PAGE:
Just weeks after New York State voters passed a referendum to allow for expanded casino gambling, a new group in Saratoga County is lobbying for an expanded facility there. Geoff Redick has more on the story.
SARATOGA, N.Y. -- "Saratoga is the best destination in the state for a new casino," said Dan Hogan, "Destination Saratoga."
Opinions don't come much clearer than that.
"It's already got a vibrant nightlife. It already has gaming. It has internationally-known horse racing. And it has a vibrant community," Hogan added.
But new pro-casino group "Destination Saratoga" still has an uphill battle. Last month, 57 percent of voting Saratoga Springs residents said "no" to a state referendum to expand casino gambling.
Regardless, that law passed, and three resort-style casinos will be allowed in New York, including one in the Capital Region.
And "Destination Saratoga" maintains if it's going to be anywhere, it's going to be here.
"The whole point here is, Saratoga meets the requirements of the constitutional amendment better than any place in the state," Hogan went on to say.
The group is primarily funded by Saratoga Casino & Raceway. Perhaps not surprisingly, they propose to expand right at the Casino & Raceway, on the facility's 160-acre property.
With slot machines and small restaurants already there, the group says expansion would not be a culture shock for the city.
"We're not talking about a Vegas-style casino; we're talking about a Saratoga-style casino. And there is a difference," Hogan continued.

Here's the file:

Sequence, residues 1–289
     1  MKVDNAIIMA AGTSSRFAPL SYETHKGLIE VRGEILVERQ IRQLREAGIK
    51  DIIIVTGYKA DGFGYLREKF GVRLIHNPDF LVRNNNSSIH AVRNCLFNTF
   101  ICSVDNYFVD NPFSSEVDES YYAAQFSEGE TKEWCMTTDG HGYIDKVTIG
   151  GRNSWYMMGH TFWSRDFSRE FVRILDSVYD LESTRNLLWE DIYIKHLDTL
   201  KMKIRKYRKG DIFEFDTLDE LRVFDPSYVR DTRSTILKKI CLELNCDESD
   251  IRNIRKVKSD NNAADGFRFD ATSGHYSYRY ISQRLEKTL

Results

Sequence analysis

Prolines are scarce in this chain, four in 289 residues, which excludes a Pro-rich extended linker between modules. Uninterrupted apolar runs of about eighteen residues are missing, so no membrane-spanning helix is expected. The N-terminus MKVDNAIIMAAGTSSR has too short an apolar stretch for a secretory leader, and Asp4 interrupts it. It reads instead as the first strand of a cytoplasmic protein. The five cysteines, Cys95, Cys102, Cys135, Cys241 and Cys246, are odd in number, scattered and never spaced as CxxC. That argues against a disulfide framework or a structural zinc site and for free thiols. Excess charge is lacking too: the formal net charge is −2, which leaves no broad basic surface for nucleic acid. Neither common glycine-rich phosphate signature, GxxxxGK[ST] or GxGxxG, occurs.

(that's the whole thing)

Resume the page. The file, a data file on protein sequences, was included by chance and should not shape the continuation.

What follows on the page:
But what does it mean when we say, 'Vegas-style casino?' Most of us would assume that to include a hotel, restaurants, maybe a performance venue. But Hogan says, none of that is guaranteed right now.
"This casino will by no means be a 'modest expansion,'" said Sara Boivin, with anti-casino group "SAVE Saratoga," she says the new law all but calls for a massive Vegas-style casino.
"It requires hotels, it requires restaurants. It requires amenities that are equal to or greater than the surrounding community," Boivin added.
While the law doesn't explicitly say all that, it is titled "Destination Resort Gaming," and does include lines requiring at least one hotel, and other unspecified "amenities."
"We're really afraid that will take away from our downtown businesses, our convention center, SPAC, UPH...all the places that are arts venues in our city," she went on to say.
But "Destination Saratoga" disputes that, and offers one other hypothetical:
"Think about what would happen to Saratoga, if they were to put a casino somewhere else in the region," Hogan shared.
The group believes *that* possibility of lost business, is the real gamble.
A forum sponsored by the Saratoga Chamber of Commerce Monday, promises further debate.